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Power Outages Add to Suffering of Libyans in Ramadan

Power Outages Add to Suffering of Libyans in Ramadan

Wednesday, 15 May, 2019 - 11:45
Smoke rises during heavy clashes between rival factions in Tripoli, Libya, August 28, 2018. Picture taken August 28, 2018. REUTERS/Hani Amara
Cairo - Jamal Johar
Fierce clashes raging across the southern suburbs of the Libyan capital, Tripoli, have damaged the area’s main electricity networks and power stations causing blackouts.

The power outage has added to the suffering of Libyans, especially as its majority Muslim population is observing the holy month of fasting, Ramadan.

Libya’s National Oil Corporation released a statement revealing the extent of damage inflicted by Tripoli clashes in Esippa region, where a power station was put out of work.

In the release, the NOC said that engineers are rushing to contain and repair damages.

Power lines in Tripoli are a vital target for warring parties and have been repeatedly hit in 2018. The fallout from these attacks has carried out into this year, affecting the daily lives of many.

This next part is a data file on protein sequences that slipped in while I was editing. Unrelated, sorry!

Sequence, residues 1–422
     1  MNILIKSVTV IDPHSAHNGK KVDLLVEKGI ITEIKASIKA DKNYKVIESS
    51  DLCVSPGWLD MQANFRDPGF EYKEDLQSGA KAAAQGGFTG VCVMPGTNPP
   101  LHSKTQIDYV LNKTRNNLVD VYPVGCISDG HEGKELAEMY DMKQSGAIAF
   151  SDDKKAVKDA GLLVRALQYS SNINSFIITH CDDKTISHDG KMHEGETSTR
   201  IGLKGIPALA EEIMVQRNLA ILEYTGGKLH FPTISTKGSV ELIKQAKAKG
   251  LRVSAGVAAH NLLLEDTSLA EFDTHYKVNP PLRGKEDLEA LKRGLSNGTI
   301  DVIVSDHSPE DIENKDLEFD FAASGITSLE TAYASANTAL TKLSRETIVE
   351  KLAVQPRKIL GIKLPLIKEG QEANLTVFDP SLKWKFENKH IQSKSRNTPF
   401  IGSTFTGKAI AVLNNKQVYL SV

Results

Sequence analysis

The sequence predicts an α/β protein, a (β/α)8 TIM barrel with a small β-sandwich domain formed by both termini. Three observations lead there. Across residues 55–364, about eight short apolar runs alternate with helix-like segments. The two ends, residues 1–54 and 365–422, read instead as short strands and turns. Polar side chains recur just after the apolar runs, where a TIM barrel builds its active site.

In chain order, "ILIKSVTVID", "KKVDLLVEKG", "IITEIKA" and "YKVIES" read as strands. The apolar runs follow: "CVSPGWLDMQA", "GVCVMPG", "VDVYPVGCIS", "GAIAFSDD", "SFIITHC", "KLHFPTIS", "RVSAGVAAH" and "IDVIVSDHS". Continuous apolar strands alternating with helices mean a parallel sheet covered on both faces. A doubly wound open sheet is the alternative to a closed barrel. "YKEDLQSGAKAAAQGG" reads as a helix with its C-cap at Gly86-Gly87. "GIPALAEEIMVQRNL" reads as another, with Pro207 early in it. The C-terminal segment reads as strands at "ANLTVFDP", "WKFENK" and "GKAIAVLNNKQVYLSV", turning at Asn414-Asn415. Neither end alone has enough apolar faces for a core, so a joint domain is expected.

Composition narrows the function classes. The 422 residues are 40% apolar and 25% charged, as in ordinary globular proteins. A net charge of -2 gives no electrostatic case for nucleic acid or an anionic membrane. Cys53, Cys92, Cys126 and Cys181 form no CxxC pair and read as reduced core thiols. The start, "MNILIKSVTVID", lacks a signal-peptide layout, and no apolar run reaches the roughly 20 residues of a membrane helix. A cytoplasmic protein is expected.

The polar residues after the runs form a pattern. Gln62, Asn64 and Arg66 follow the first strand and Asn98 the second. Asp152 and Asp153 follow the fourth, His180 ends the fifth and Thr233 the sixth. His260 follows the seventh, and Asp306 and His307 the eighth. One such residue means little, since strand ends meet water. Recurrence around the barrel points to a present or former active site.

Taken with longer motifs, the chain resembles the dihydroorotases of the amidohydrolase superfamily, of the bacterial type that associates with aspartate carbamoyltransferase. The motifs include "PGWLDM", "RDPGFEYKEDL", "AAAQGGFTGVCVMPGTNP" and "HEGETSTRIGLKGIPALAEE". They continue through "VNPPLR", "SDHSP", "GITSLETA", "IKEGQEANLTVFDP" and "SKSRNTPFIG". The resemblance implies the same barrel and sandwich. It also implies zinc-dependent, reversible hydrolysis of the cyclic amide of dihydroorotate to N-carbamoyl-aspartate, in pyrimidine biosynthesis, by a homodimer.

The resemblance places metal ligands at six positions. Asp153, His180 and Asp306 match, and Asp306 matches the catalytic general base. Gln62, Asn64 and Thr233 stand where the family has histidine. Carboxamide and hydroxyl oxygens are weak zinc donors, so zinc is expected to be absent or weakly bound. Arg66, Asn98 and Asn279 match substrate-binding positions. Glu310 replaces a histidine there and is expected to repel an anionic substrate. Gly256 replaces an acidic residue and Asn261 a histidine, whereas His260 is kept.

“Electricity blackouts are a near-daily issue we suffer from as a result of erupted violence as some purposely set arsons at power stations,” Suleiman Al-Ouarfi said.

A few neighborhoods are experiencing a permanent water shortage and power blackout. The deteriorating situation is forcing the displacement of many—statics indicate that 66,000 citizens were uprooted--with a few choosing to stay around and going far distances to procure water supplies.

Southern Tripoli blackouts have taken the greatest toll on patients staying in area hospitals.

“Displacement is on the rise and more people will be driven out from their homes,” Spokesman for the National Committee for Human Rights in Libya Ahmad Abdolhkim Hamzeh said, adding that “civilians will always be the main victims in all incidents of violence and war.”

The Red Crescent Movement in Libya Tripoli branch, in an effort to reverse some of the greatest pains affecting Libyans in southern Tripoli, has distributed food aid packages to the internally displaced refugees within the group’s reach.

Relief missions, according to the movement, continue to hand out aid from the north-western coastal city of Janzur, which is adjacent to Tripoli.

The majority of internally displaced families are currently staying in private accommodation in different neighborhoods of Tripoli, the Nafusa mountains and various locations along the coastal line of Western Libya.

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